However, like so many bullies you will often find that this can be someone who either knows no better or is under stress and they are themselves running scared of the situation they have found themselves in.

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The Invisible Boss

This can either present itself as management from afar (usually the golf course or ‘important meetings) or just a boss who is too busy being important to deal with their staff.

It can feel refreshing as you will often have almost total freedom with your manager taking little or no interest in your activities, however you will soon find that you also lack the support that a good manager will provide. Without direction you may feel you are doing well just to find that you are not delivering against expectations you were not told about and suddenly it is all your fault.

The Micro Manager

The frustration of having a manager who feels the need to be involved in everything you do. The polar opposite to the Invisible Boss you will feel that there is no trust in your work as they will want to meddle in everything you do.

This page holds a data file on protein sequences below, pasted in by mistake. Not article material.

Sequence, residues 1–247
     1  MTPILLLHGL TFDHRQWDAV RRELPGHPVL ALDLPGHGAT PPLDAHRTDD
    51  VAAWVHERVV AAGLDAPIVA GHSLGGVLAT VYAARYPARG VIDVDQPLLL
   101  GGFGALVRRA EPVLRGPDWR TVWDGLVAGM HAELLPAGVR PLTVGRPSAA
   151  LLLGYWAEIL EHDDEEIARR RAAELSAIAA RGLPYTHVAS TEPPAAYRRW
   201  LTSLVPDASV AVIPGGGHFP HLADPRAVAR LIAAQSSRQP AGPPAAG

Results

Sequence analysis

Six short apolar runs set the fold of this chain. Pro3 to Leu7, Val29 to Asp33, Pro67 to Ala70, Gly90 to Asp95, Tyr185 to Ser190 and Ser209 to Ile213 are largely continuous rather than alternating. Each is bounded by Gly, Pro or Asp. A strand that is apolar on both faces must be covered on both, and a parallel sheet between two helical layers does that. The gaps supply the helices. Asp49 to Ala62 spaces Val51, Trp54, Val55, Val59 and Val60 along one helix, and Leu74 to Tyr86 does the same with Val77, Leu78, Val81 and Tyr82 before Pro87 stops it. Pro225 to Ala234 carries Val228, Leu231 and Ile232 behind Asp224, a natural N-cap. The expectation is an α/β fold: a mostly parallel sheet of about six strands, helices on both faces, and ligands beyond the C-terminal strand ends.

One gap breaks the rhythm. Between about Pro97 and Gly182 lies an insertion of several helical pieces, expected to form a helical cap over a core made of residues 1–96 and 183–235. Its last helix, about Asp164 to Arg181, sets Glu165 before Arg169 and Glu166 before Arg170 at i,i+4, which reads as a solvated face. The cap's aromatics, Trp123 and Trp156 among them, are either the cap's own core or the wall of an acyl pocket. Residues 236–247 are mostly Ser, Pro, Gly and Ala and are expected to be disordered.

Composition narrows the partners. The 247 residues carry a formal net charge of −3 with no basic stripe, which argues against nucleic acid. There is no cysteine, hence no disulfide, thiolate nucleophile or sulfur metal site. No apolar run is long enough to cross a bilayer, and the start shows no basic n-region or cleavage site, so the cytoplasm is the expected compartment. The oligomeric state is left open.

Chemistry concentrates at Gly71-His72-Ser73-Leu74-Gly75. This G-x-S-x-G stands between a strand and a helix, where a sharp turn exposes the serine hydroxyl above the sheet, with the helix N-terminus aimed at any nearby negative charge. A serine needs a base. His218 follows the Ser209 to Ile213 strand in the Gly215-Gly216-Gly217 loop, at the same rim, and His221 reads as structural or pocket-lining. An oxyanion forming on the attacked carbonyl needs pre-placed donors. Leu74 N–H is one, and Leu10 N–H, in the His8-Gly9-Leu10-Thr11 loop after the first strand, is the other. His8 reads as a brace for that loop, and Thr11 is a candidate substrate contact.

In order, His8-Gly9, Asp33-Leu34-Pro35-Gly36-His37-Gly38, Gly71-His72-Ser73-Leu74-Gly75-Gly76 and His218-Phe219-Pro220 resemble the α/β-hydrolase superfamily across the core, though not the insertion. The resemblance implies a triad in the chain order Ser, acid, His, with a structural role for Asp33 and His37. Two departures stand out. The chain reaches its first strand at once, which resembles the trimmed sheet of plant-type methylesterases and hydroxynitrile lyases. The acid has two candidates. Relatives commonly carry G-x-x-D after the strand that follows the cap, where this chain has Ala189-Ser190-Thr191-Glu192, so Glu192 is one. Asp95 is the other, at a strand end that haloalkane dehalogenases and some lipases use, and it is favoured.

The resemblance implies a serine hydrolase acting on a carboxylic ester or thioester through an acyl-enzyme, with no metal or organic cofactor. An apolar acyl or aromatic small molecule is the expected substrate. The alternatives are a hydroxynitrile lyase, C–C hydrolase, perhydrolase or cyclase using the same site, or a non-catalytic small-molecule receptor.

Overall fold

Dealing with the micro-manager can be difficult. Often their management style comes from their own insecurity. You can try confronting them, tell them that you can do your job however in many cases this will not succeed and can in fact make things worse.

The Over Promoted Boss

The Over promoted boss categorises someone who has no idea. They have found themselves in a management position through service, family or some corporate mystery. They are people who are not only highly unqualified to be managers they will generally be unable to do even your job.

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You can find yourself persistently frustrated by the situation you are in, however it can seem impossible to get out without handing over your resignation.

The Credit Stealer